There are certain things I want to say that I can only say in Jamaican language.
These words were spoken by the Jamaican High Commissioner at the launch of the Jamaican New Testament in London, last night. It was a great evening, jointly sponsored by the Bible Society and the High Commission. I don’t know how many people were crammed into the room, but the place was full and a number of us ended up standing at the back of the room. It was good to see such enthusiasm for the new translation.
I must admit, this was rather different to other New Testament dedications that I have attended, then again Knightsbridge in London is a long way from rural Ivory Coast; they do things differently there!
However, the thing that really struck me was that without exception, every speaker at the event felt a need to defend the production of the New Testament in Jamaican. The High Commissioner, the representative from the Bible Society, Joel Edwards from Micah Challenge and Courtney Stewart from the Bible Society of the West Indies all took time to justify this new translation. I found it rather sad that they had to do this.
As I tweeted last night; the story of the Jamaican language is the story of all minority languages. Whether you are in the West Indies, West Africa or East Asia, there is always an educated elite insisting that minority languages should be suppressed in favour of English, French, Arabic, Chinese or what-have-you. The implication is that if you abandon your own language in favour of one of the ‘world’ languages, you will somehow be able to manage better in the globalised world. However, Rev Stewart pointed out, Norwegians and Swedes seem to do quite well despite the fact that their languages aren’t spoken by other nations. He then added “We are Jamaicans our heads are not so small that we cant learn both English and Jamaican”. The future belongs to people who are multilingual and multicultural.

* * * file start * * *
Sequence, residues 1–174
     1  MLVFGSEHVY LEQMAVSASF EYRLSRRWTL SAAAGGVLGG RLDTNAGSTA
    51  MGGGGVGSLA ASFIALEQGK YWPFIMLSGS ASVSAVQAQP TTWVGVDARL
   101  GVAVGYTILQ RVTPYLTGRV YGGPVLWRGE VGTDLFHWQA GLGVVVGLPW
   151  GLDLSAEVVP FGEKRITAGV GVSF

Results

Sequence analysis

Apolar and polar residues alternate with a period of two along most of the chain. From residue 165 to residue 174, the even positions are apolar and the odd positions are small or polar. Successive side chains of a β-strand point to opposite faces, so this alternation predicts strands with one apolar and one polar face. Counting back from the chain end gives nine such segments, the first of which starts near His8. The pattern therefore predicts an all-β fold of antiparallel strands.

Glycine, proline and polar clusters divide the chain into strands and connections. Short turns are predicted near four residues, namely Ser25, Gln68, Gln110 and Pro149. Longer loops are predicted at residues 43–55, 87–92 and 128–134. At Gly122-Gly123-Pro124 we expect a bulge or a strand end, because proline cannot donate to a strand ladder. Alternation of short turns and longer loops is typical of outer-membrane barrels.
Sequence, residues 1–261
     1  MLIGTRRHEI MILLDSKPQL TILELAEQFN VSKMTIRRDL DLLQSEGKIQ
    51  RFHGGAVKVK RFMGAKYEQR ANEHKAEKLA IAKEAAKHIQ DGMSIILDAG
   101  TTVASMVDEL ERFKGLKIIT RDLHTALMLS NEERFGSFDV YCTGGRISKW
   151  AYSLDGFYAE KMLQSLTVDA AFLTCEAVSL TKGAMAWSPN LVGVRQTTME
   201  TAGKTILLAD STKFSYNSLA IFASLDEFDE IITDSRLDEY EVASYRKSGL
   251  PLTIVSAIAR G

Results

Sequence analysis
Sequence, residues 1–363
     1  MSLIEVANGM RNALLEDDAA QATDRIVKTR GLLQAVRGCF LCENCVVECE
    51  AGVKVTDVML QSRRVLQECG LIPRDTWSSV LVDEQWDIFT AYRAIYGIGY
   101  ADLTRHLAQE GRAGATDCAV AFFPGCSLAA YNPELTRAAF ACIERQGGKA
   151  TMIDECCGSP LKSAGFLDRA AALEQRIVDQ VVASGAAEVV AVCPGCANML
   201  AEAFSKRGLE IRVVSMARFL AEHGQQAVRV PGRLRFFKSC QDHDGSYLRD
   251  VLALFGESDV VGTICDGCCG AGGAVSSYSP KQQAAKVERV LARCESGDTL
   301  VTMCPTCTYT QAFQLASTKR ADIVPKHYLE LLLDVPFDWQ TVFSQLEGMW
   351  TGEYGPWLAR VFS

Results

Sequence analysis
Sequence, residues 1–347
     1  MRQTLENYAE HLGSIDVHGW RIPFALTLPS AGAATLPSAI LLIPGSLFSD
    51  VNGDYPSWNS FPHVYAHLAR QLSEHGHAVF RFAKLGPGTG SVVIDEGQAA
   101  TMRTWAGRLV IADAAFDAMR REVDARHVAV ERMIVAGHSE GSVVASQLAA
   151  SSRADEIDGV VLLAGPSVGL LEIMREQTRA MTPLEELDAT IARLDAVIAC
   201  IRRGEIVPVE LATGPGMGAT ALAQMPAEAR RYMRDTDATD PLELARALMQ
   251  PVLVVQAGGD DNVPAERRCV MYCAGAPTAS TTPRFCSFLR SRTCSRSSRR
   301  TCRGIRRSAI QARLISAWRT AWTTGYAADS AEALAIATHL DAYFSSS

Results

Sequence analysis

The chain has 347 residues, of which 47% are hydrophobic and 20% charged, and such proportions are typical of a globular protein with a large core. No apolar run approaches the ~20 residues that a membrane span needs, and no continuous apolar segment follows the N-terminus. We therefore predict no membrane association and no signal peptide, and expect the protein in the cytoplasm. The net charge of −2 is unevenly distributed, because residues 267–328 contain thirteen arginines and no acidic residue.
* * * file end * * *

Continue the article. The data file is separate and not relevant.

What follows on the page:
The truth is that people are more able to integrate into the wider world when they are educated and literate in their mother-tongue first of all. A good basis in your own language strengthens and confirms your cultural identity and gives a platform for people then to gain an understanding of other languages and cultures. The production of the New Testament in Jamaican is a step forward for the Jamaican people. Here is hoping that other literature will also become available and that more people will start writing in Jamaican.
For a variety of reasons, this New Testament launch has provoked a lot of interest in the UK. But we shouldn’t lose sight of the fact that there are hundreds of other translation projects taking place around the world:
In 1999, when Wycliffe and key partners adopted Vision 2025, we reported our involvement in almost 1100 of the 1500 translation programs known to be in progress. Since the start of Vision 2025 more than 250 New Testaments have been published with Wycliffe involvement and new work has begun in almost 700 languages.
By Sept 2011, personnel from participating organisations in the alliance were involved in 1476 active language programs: About a third of these languages have populations less than 10,000, a third between 10,000 and 100,000 and a third over 100,000 speakers.
Additional work is being undertaken in a further 500 languages by organisations outside of the Wycliffe Global Alliance.
That’s a lot of translation going on!
You can see other posts which mention the Jamaican translation here.